Let’s face it – we writers spend a lot of time reading about writing. No matter what genre you favor, chances are you’ve probably read your fair share of articles and interviews with famous authors, eagerly looking for tips from the pros. The odds are also good that you’ve got a few books on the craft of writing sitting in your shelves.
It can be extremely helpful to gain perspective from veteran writers, but as the face of modern publishing changes it’s also worthwhile to learn from new and emerging authors. Though it’s not an exact science, understanding how others in your genre (and beyond) are breaking into this competitive industry can yield some useful pointers.
There are far too many newly acclaimed books and authors to discuss here, but let’s take a look at a few examples in both in fiction and non-fiction. What can you learn from their work? And how can you improve your own writing along the way?
1. Tap into of Culture and Myth
Not long after delving into stories of the Orisha – a pantheon of West African deities – Tomi Adeymi began writing Children of Blood and Bone. Blending vibrant fantasy, ancient lore, and themes of racial prejudice, her work has already earned her a multi-million dollar publishing deal and movie deal. Being dubbed “the next JK Rowling” is no small amount of pressure, but Adeymi welcomes it as an opportunity to address social injustice and broaden the world’s understanding of diverse cultures and myths.
Building on traditional legends and sagas of long-gone eras can help bring your own writing to life. As you root your stories in a culture that’s a bit larger than life, you’ll gain opportunities to contrast the world as people throughout the ages have seen it with how it is now – and how your characters wish it could be. Whether you use specific source material or simply draw inspiration from the lore of your culture, tapping into a larger framework can lend your story more drama and depth.
2. Draw Deeper Connections
David George Haskell is an author who draws from all aspects of his experience. Being a biologist, a practicer of mindfulness, and an environmentally-conscious writer all helps to inform his work. Drawing from a wealth of scientific knowledge and years spent in intimately experiencing nature, he writes in a way that is as sensual as it is scholarly.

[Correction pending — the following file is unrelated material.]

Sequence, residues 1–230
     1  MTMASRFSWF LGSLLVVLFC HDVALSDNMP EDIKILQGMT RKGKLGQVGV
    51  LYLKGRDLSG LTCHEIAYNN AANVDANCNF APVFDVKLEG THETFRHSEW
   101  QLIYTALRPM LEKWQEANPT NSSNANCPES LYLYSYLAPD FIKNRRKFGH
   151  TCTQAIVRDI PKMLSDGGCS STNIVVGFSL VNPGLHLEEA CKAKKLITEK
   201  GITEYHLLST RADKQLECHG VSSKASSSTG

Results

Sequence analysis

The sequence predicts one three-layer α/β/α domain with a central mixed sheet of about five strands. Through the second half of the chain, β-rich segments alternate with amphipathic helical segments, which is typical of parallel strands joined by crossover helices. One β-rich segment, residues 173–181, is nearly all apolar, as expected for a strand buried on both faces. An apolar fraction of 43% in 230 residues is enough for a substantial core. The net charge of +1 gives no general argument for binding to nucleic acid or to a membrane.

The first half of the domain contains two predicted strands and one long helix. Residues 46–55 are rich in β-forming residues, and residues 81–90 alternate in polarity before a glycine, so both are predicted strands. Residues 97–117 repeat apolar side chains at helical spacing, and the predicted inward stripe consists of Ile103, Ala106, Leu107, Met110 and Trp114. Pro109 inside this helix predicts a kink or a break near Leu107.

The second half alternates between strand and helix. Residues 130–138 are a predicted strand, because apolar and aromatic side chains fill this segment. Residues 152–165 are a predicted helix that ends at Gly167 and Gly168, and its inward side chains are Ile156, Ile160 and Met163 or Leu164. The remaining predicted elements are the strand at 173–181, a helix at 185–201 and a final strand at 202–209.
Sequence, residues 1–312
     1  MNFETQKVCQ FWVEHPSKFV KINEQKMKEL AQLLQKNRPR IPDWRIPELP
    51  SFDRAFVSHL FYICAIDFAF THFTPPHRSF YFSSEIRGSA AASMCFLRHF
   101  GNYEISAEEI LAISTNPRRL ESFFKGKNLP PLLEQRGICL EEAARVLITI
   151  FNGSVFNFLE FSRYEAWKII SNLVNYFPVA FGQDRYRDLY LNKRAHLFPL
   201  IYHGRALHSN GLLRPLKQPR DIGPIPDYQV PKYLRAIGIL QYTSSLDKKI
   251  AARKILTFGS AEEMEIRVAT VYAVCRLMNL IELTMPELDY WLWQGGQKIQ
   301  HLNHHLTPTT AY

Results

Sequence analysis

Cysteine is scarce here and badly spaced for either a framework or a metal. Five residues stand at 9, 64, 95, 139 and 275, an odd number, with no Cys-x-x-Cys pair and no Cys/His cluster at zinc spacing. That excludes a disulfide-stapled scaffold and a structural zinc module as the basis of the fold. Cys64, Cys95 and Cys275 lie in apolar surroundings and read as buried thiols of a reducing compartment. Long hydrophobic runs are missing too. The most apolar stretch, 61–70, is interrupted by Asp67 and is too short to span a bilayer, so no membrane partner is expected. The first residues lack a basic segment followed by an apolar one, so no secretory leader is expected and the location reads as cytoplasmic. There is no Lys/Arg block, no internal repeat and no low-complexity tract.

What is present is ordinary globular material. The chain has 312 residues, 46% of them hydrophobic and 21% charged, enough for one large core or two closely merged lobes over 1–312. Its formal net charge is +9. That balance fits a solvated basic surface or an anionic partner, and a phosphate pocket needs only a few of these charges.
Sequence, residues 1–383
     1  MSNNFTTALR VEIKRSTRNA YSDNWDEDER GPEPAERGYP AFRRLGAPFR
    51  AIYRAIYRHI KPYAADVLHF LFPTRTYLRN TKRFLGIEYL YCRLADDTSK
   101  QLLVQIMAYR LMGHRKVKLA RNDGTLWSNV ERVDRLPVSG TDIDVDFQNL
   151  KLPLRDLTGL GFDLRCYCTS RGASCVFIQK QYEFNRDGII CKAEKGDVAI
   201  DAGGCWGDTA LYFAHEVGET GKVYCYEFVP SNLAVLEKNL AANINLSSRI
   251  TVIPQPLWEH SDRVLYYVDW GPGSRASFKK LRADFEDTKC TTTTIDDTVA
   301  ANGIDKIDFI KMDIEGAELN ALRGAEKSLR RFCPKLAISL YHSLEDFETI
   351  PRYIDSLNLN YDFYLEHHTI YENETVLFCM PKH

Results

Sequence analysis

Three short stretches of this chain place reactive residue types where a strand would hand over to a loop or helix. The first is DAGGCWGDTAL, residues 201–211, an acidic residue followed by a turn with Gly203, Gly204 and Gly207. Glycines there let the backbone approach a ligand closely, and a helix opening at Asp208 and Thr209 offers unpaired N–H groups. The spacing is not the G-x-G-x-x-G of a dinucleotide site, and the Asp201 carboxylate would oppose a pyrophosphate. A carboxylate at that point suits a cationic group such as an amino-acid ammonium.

Twelve trees are his protagonists in The Songs of Trees, and he describes each in the context of a broader history. An aging olive tree that stands amid ancient Roman constructions, the charcoal remains of an old Scottish hazel tree, and others: Haskell uses all them to weave botany, history, mindfulness, and ecology together.
Drawing connections between different information and ideas within your writing can help you develop a narrative with deeper significance. As you build layers of meaning and insight into your work, you’ll gain a richer backdrop – one that will help your words resonate with readers no matter what story you’re telling or information you’re sharing!
3. Play Into Your Readers’ Fears
Playing into your readers’ anxieties and fears can work well in both fiction and non-fiction. For example, a common concern these days is how modern tech impacts and directs our lives. That topic is fodder for many a dystopian novel, but James Bridle’s The Dark New Age takes a different approach. He taps into social angst to build a framework for serious ruminations on the future of technology.
In an interview with The Verge, Brindle explains how he draws a line between knowledge and personal agency. And although his writing is non-fiction, he describes an appreciation for science fiction works that “home into how little we understand about the world around us right now.”
It’s that fear of things outside their control that can capture your readers’ attention – no matter what genre you are working in. When there’s nothing to fear, there’s not much to do. When a problem is presented, action is required. Once you’ve found a pain point that will tap into your readers’ anxieties, dig down deeper. What (if any) part of their fears is unfounded? What parts are legitimate? And perhaps most importantly, what can be done about it?
4. Approach the Familiar from Unexpected Angles
The topics of fertility, child-bearing, and parenting: they can spark excitement or terror (or cause a mixture of both). Yet Jessie Greengrass steps back from these emotions to draw you into a different view of motherhood. Sight is a tale that The Guardian describes as “hovering between the novel and the essay.” Greengrass weaves a journey that connects personal narrative and art, philosophy and physiology.
Examining ideas and events from different angle can help you establish a unique point of view and make your work more memorable. As you write, identify areas where you can turn seemingly predictable themes on their head. Don’t be afraid to delve into unexpected territory!
An important caveat: readers may appreciate uniqueness, but they won’t enjoy your work if it’s incomprehensible or completely unrelateable. Make sure your writing maintains its own internal logic.
5. Most Importantly: Do the Work
What do all these diverse and emerging authors have in common? They broke into the world of publishing by taking tangible action. Simply put, they wrote! They did the work – and they did what they had to do to get their words in front of the world.
Remember, everyone starts out as a novice. What separates aspiring authors from those who are published is usually a combination of perseverance, effort, and a bit of luck. You might not be able to control every one of those elements, but taking the time to do the work is a reward in its own right.
There’s only so much that dreaming and planning can do. If you want to break through as an author, pen must meet paper (or at least, your fingers must meet the keyboard). Learn from other authors, then take the next step. Get inspired and get going!